Monday, September 24, 2007

Jena 6: The Facts Do Matter

You know, I'd be a lot more inclined to share the outrage in the Jena 6 case if the outraged people were a bit more careful about the facts. Case-in-point: Amina Luqman's Friday Washington Post column. This is Luqman's summary of the facts:

The basic points are these: In the predominantly white town of Jena, La., white students hung three nooses last September after black students sat under a schoolyard tree where white students normally congregated. The white students were suspended for three days. After black students protested peacefully, the LaSalle Parish district attorney threatened them, saying: "I can make your life go away with a stroke of a pen." Eventually there was a schoolyard fight in which a white student was beaten; he was treated for a concussion and multiple bruises. Although the student was well enough to attend a school function the same evening, six black boys between the ages of 15 and 17 were arrested, five of whom were charged as adults with attempted murder and conspiracy.

Where to start? Luqman ignores the beating took place several months after the noose incident. Ignores the fact that the District Attorney's comment was made after there had been several racially-tinged fights on campus, and that there is a factual dispute as to whether the "stroke of a pen" statement was directed toward just the black students or the entire student body.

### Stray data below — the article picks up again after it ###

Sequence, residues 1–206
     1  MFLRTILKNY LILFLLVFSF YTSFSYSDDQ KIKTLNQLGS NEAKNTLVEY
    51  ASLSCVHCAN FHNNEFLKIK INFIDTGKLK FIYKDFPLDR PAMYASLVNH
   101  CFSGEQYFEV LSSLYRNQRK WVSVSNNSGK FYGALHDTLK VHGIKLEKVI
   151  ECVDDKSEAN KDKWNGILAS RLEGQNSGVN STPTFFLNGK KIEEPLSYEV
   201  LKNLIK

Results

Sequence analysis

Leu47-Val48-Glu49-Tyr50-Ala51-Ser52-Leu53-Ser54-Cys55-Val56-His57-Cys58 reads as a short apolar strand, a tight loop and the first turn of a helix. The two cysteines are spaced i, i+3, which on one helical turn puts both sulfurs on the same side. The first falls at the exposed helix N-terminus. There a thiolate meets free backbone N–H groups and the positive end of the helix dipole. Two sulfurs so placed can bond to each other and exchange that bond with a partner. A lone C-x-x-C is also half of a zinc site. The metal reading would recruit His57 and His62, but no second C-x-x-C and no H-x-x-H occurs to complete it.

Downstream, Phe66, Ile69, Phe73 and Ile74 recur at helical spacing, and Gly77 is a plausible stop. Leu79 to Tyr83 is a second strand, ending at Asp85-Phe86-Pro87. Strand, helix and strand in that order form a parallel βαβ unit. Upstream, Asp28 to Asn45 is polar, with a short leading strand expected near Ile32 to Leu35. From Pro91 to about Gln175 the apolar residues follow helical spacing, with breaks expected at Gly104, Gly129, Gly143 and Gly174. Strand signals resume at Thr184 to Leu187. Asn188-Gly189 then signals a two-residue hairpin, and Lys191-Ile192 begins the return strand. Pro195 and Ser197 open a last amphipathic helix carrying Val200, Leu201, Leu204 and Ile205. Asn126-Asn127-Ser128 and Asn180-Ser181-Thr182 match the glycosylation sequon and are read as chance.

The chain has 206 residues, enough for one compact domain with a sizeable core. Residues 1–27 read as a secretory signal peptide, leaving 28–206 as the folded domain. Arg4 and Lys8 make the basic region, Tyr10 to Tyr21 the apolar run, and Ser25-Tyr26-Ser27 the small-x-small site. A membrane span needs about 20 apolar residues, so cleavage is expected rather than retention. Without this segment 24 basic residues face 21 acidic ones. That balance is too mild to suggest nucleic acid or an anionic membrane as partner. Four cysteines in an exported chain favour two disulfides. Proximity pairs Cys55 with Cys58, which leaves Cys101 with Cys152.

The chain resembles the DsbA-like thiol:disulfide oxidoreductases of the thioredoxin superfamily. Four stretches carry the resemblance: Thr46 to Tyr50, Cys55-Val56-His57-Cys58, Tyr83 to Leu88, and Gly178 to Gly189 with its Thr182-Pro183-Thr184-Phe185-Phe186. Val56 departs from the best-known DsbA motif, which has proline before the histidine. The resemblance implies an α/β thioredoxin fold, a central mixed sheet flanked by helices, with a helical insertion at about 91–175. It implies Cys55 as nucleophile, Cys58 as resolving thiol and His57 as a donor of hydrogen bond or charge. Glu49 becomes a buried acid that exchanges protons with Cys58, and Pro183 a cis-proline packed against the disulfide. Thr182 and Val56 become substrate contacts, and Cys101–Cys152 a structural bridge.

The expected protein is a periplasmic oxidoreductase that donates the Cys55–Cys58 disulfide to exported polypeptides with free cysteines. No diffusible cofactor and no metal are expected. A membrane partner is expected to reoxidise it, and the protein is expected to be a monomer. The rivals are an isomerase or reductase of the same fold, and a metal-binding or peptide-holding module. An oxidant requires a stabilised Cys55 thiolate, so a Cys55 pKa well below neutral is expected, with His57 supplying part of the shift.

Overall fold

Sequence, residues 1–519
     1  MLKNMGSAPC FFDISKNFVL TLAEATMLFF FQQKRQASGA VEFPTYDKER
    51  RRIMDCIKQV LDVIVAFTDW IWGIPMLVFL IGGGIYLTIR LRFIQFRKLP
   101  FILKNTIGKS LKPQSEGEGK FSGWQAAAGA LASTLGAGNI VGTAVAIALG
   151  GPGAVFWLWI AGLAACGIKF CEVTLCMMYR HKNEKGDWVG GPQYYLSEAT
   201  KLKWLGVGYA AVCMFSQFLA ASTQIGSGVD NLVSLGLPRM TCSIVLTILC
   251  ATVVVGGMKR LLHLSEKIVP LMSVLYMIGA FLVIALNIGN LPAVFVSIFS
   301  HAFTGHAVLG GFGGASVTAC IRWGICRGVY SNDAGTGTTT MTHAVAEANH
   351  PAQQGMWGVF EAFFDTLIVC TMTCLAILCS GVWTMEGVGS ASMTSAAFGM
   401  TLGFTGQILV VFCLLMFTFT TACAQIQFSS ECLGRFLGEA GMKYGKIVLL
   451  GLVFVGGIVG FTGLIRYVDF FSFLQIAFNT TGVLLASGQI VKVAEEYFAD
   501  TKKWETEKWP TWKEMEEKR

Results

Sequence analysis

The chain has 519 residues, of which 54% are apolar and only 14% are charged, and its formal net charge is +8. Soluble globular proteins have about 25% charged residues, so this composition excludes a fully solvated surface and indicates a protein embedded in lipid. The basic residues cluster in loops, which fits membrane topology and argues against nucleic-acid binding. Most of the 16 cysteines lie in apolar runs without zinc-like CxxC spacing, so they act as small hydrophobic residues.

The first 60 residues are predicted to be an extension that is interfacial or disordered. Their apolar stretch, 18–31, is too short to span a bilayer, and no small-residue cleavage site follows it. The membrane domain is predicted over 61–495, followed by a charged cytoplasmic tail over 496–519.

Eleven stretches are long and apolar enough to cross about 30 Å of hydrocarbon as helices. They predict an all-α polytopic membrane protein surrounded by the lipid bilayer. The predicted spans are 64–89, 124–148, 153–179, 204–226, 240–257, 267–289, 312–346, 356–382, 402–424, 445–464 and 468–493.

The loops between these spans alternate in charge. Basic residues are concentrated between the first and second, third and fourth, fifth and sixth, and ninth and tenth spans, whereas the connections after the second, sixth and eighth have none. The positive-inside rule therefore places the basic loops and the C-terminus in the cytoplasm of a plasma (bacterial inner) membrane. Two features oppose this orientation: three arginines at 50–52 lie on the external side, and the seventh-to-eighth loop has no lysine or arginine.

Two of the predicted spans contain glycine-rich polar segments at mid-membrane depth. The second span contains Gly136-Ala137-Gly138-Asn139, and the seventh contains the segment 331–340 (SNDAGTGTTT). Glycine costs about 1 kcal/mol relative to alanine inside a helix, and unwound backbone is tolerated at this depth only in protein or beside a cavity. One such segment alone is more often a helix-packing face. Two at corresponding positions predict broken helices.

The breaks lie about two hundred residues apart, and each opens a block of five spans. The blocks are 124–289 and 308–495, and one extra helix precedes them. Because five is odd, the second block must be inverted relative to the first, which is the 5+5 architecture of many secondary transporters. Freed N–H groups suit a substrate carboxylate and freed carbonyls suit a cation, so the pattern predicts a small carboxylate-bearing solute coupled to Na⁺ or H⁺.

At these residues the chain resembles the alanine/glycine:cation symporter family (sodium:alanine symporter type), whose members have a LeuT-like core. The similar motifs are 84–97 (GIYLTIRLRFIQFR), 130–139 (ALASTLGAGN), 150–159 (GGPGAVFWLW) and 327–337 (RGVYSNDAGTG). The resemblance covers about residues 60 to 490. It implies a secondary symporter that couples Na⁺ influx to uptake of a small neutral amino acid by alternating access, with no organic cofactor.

Likewise, the characterization of the attack on Justin Barker as a "schoolyard fight," while not uncommon, is so misleading as to be tantamount to a lie. The word "fight" implies some degree of mutual combat. Justin Barker appears to have been coldcocked and stomped on by a group of attackers. Mychal Bell, had multiple prior convictions. The "school function" that he attended that night was a once-in-a-lifetime ceremony at a small-town school. This would have taken, what, ten minutes of googling? Or the two minutes it took to read my summary of the facts.

So why didn't Luqman bother? Because actually sitting down and thinking about the facts introduces ambiguity, uncertainty, shades of grey. Because you might not be so sure where you stand after a while. But Luqman prefers righteous indignation:

This language presumes a legitimacy to both sides, a fair fight. Yet there is nothing balanced or fair about what is happening to these boys. Black Americans crave the same outrage the media rained down on Michael Vick for his unjustified abuse of dogs. For mainstream America, Vick's actions were beyond debate. "How could he be so cruel?" we lamented. Whatever the reason, mainstream America said clearly that what Vick did was wrong. Shouldn't America be at least as appalled by how Jena has treated these six black teens?

Maybe America should be more appalled by what these six black teens are accused of doing. And by the fact that many of their defenders don't seem to care.

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